The prevalence of reported TDI ranged from 1% (Chandra and Chawla 1976[8]; Sarkar and Basu 1981[9]) to 76% (Bhayya and Shyagali 2013).[25] The studies had a variable age range, with only 3 performed exclusively in the primary dentition (Shekhar and Mohan 2011[19];Bhayya and Shyagali 2013[25];Chalisserry et al. 2016[45]) [Table 2]. The details of the 48 studies highlighted the most common region affected by TDI as the maxillary anterior (45, 93.75%), with the most common teeth being maxillary central incisors 11 and 21 (72.92%). The most common injury recorded in the studies was uncomplicated crown fracture (enamel and enamel-dentin), while the least common was luxation injury. These findings were common for both primary and permanent teeth. Twenty studies reported the presence and absence of TDI without specifying the type of injury [Table 1] and [Table 2].
Table 2: Showing Age range, sample size and TDI reported in studies included for meta-analysis

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The cause of TDI could be categorised as sports injuries, road traffic accidents, falls, collisions and violence, including falls on stairs, bicycle injuries, biting, injuries from hand pump handles, in 29 out of 48 studies. Few studies even mentioned the descriptions of sports injuries and falls. There were only 13 studies with complete information about the geographical place where the TDI occurred. The most common places mentioned were home, school, playground, street, park, road and school bus/rickshaw. The risk factors had been elucidated by 30 (62.5%) studies, and included profile, molar relation, overjet, lip coverage, socio-economic factors and weight/BMI. However, there was a lack of uniformity in the risk factors identified. Treatment needs were identified in 12 studies and ranged from 88.75 to 98% [Table 1].

Pooled prevalence

The pooled prevalence of TDI was calculated from data extracted from the 48 studies [Figure 3]. Due to variability in the study methods, it was assumed that the observed estimates of prevalence would vary. Hence, a random effects model was used for performing meta-analysis. There was a high publication bias too for the studies included in meta-analysis, as explained by the Funnel plot and statistical evaluation using modified regression method. This reflected that the publication of the primary studies could have been influenced by the results. It was found to be less when a sub-group plotting was done for studies published in PubMed indexed journals [Figure 4]. The overall effect size or TDI prevalence for age groups (from 3 to 60 years, all genders) was 13% (95% CI: 11–14, I2 = 99.55%, P < 0.05) [Figure 3]. There were two outliers: Bhayya and Shyagali[25] (2013) (76%) and Yadav et al.[36] (2015) (50%). The sensitivity analysis was done by removing these outliers from the meta-analysis. However, the overall effect size remained unchanged. The pooled prevalence was also subjected to meta-regression for identifying the regional differences. The difference was not found to be statistically significant [Figure 5].
Figure 3: Forest plot showing pooled data analysis for TDI in India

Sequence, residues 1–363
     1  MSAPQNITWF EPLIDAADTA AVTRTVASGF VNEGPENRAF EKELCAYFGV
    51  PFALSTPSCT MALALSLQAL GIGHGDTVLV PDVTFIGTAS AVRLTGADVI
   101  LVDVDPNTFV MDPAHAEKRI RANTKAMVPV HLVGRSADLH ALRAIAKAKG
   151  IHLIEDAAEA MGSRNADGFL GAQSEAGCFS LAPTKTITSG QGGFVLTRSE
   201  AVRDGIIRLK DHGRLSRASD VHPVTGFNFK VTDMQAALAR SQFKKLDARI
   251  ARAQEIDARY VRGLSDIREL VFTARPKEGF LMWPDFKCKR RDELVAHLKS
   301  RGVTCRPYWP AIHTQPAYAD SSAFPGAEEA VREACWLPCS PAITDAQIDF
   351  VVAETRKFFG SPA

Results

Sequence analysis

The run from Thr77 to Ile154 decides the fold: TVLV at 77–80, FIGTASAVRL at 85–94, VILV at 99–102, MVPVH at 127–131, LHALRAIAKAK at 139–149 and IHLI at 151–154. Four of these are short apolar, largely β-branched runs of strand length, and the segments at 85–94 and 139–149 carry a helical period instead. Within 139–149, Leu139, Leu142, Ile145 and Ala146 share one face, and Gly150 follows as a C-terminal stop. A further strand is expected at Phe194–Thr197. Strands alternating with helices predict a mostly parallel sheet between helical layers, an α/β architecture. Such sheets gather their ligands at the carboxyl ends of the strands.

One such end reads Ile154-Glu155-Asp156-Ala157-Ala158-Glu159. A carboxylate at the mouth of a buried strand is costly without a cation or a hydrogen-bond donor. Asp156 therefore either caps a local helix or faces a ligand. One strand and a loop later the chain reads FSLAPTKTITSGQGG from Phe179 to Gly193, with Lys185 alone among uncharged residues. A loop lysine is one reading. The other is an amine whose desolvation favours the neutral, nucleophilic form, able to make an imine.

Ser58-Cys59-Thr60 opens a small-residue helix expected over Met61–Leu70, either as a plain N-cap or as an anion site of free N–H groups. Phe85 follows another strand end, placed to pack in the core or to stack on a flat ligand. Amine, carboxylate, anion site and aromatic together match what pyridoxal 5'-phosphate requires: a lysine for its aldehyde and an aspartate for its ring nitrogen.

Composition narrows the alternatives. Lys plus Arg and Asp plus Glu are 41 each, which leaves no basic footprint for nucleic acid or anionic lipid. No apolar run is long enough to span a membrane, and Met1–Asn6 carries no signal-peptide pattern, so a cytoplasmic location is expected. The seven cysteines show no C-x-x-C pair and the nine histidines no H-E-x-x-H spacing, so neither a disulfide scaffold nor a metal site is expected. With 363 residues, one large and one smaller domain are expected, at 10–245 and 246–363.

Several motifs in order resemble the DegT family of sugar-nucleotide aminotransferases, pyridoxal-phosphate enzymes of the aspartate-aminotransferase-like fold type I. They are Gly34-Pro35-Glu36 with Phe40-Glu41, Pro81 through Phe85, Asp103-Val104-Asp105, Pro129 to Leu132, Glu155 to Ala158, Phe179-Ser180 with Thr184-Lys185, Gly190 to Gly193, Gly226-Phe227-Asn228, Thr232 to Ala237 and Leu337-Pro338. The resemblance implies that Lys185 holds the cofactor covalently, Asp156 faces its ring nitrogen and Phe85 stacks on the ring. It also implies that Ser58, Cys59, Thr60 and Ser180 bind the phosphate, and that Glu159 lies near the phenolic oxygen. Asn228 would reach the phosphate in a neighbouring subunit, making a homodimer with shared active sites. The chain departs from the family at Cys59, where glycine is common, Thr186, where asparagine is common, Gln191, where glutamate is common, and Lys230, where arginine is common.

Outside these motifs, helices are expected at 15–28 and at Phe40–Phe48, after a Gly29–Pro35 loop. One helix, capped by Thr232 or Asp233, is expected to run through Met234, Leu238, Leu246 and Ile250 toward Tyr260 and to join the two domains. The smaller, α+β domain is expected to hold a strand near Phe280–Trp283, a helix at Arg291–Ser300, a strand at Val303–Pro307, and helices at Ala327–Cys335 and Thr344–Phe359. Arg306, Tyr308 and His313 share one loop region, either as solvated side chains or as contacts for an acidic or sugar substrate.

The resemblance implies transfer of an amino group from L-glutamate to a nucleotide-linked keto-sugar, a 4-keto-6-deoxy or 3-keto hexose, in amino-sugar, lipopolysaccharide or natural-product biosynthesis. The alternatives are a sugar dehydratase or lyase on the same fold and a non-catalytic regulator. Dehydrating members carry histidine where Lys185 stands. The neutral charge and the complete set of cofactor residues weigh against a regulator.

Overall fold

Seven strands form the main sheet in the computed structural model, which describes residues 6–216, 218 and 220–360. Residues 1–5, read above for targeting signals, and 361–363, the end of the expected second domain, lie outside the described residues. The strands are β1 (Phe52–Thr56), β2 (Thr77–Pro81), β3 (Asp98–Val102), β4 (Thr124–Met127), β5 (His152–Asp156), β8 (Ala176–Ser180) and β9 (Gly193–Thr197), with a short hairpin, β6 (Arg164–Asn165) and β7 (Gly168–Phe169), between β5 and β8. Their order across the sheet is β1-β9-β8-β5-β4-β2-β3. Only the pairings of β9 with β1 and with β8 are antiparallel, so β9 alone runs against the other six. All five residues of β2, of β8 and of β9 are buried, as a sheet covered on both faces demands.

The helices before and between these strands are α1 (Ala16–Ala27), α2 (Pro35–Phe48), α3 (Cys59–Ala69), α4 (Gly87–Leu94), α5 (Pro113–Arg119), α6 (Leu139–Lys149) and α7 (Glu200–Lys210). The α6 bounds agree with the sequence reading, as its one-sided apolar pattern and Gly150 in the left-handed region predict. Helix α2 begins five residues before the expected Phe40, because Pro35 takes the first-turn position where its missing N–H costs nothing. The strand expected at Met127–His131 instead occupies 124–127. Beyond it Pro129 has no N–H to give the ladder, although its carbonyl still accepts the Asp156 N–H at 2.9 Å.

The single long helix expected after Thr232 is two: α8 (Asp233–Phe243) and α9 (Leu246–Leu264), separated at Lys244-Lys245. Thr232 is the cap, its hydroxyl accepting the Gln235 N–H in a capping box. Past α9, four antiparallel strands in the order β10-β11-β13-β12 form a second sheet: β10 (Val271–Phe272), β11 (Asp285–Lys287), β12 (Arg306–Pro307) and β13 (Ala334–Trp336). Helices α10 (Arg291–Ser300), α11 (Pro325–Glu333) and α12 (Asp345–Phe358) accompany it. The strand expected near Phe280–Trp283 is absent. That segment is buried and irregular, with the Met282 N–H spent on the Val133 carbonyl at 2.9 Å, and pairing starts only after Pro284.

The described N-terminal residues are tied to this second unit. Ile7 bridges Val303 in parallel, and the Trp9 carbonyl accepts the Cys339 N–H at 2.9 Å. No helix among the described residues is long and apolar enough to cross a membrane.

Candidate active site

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Figure 4: (a) Publication bias among all the studies included for meta-analysis, (b) Publication bias among the studies published in PubMed indexed journals, (c) Publication bias among the studies published in Non PubMed indexed journals. Statistical analysis using modified regression revealed it to be statistically significant

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Figure 5: Meta-regression of effect size in terms of regions of included studies. It was found to be statistically significant (P < 0.05)

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Sub-group analysis (age and gender)

A sub-group analysis was done based on data extracted for the age groups of ≤6 years and >6 years. Only the studies which presented the data in specified age ranges were included in sub-group analysis. Sub-group analysis of TDI prevalence in the age range ≤6 years was 15 per 100 population (95% CI: 4–26; I2 = 99.85%). The TDI prevalence in the group >6 years of age was 12 per 100 population (95% CI: 10–14; I2 = 99.5%) [Table 3].
Table 3: Effect sizes during sub-group analysis for age and sex

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Pooled prevalence in males was 13% (95% CI: 10%–17%; I2 = 99.37%). It was estimated to be 15% (95% CI: 0.00–29%; I2 = 99.82%) in the ≤6 years of age group and 13% (95% CI: 11%–15%; I2 = 98.24%) in the >6 years of age group. TDI pooled prevalence in females was 10% (95% CI: 8%–12%; I2 = 98.39%). It was estimated to be 16% (95% CI: 5%–26%; I2 = 99.40%) in the ≤6 years of age group and 8% (95% CI: 7%–10%; I2 = 97.60%) in the >6 years of age group [Table 3].

Causes of trauma

Only 29 studies could provide data for performing the meta-analysis for causes of trauma. There was variability in methods for recording the causative factors. To estimate the pooled effect of the causative factors, they were grouped under categories of sports injuries, road traffic accidents, falls, collision, violence, 'others' and 'can't recollect'. The highest effect size was seen in falls (43%), followed by sports (26%), collision (12%), road traffic accidents (8%), violence (7%) and 'others'(7%). The estimated effect size for 'can't recollect' was 15%. The overall heterogeneity, I2, reported was 98% [Table 4].